by Gayle Forman
Publisher: Dutton Juvenile
Reading level: YA
Book type: prose novel
Just listen, Adam says with a voice that sounds like shrapnel.
I open my eyes wide now.
I sit up as much as I can.
And I listen.
Stay, he says.
Choices. Seventeen-year-old Mia is faced with some tough ones: Stay true to her first love—music—even if it means losing her boyfriend and leaving her family and friends behind?
Then one February morning Mia goes for a drive with her family, and in an instant, everything changes. Suddenly, all the choices are gone, except one. And it's the only one that matters.
If I Stay is a heartachingly beautiful book about the power of love, the true meaning of family, and the choices we all make.
(synopsis from Goodreads)
This book has been in my TBR pile for what seems like ages. It's not very long, so I thought it would be a quick, enjoyable read. Well, it was fairly quick. But I didn't enjoy it.
Mia is the only survivor of a car accident that kills the rest of her family. In a disembodied state, she putters around the hospital, alternately telling us the story of what's going on right now, and flashing back to moments in her life. Eventually, she realizes that she has a decision to make: should she let herself die and be with her family, or should she stay?
I have no problem with the basic premise of the story. I just don't think it was executed very well here. Mia's near-death experience is very atheistic and, as a result, rather boring. She can't walk through walls, visit Hawaii, or even talk to her dead family. She basically hangs around the hospital, spending a lot of time near her body. I have no idea why the author chose for Mia to have an out-of-body experience, since the same thing could have been accomplished by having Mia trapped in her body, unable to speak, but able to share her memories with the reader. I guess what I'm trying to say is that Mia's near-death experience was boring.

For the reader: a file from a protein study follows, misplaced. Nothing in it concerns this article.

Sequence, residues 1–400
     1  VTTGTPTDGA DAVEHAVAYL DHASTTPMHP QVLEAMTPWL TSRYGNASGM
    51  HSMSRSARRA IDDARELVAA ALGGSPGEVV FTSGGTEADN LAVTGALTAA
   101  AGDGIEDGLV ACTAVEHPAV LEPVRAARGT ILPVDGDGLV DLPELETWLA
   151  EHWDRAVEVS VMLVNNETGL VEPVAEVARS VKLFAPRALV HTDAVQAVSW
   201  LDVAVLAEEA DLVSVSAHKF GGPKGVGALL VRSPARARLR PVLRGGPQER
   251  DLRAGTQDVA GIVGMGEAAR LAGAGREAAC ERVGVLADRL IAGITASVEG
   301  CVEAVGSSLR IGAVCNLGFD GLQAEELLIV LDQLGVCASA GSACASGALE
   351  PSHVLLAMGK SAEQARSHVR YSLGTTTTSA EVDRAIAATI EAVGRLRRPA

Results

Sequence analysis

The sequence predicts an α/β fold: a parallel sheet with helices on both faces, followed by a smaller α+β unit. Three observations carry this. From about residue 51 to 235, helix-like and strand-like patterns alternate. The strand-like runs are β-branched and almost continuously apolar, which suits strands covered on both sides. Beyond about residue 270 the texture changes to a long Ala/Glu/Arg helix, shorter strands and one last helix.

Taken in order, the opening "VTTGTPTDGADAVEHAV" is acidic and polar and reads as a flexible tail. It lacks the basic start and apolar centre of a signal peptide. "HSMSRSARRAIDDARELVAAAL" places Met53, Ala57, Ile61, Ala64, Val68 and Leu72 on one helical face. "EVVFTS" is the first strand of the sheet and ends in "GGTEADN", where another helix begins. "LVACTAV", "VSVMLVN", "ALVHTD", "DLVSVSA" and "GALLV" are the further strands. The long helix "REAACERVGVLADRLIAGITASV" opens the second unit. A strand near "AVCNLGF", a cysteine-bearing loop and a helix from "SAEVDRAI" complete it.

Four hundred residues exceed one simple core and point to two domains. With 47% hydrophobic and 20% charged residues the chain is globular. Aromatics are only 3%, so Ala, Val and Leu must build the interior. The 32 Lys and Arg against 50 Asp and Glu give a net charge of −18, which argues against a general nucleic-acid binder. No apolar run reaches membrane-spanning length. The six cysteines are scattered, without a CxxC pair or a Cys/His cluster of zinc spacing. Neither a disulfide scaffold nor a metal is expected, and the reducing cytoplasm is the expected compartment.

Then again, Mia herself is boring. As a character, I never really got a good feel for who she was. Everyone else in her life -- especially those who weren't that close to her -- had more character development. When the main character's parents' friends are more memorable than the main character herself... that's a problem. Another issue I had was that in these flashbacks, the children all spoke like adults. Not every child and teenager is that precocious, insightful, and overflowing with so much wisdom. It made the story difficult to follow, because I was never quite sure how old the characters were supposed to be, or how many years ago this flashback was.
I also never expected the accident to be so graphic. I'm not usually bothered by descriptions of gore in books, but this one almost had me vomiting. It seemed a bit gratuitous to me. We know the family is dead; we don't need such graphic descriptions of what's smeared all over the road. I almost put the book down at that point. Show, don't tell... yes. But you don't need to show everything.
And then there was the portrayal of the hospital. I find it difficult to believe that Oregon has such hospitals of horrors, and I'm wondering if some of those things weren't just thrown in for effect. Do the operating rooms really have blood stains on the floors? Do the nurses really have more ego than compassion? Are the doctors so detached from the feelings of their patients that they'll wheel a person down the hall with their genitals exposed? If all that is true, remind me never to visit Oregon; I'd never want to end up in a hospital there.
The writing was okay, but I was not impressed by the typos. After finding two in the first ten or so pages, I wondered if the book had even been edited. Obviously, making a good first impression wasn't a priority.
All in all, I was just disappointed. I thought the premise of this book sounded awesome, but I just couldn't get into it. I felt like I was rushing through all those flashbacks just to find something interesting... but Mia's out-of-body experience turned out to be even more dull. Skip this one... unless you need a soporific.
Overall: 2.4 out of 5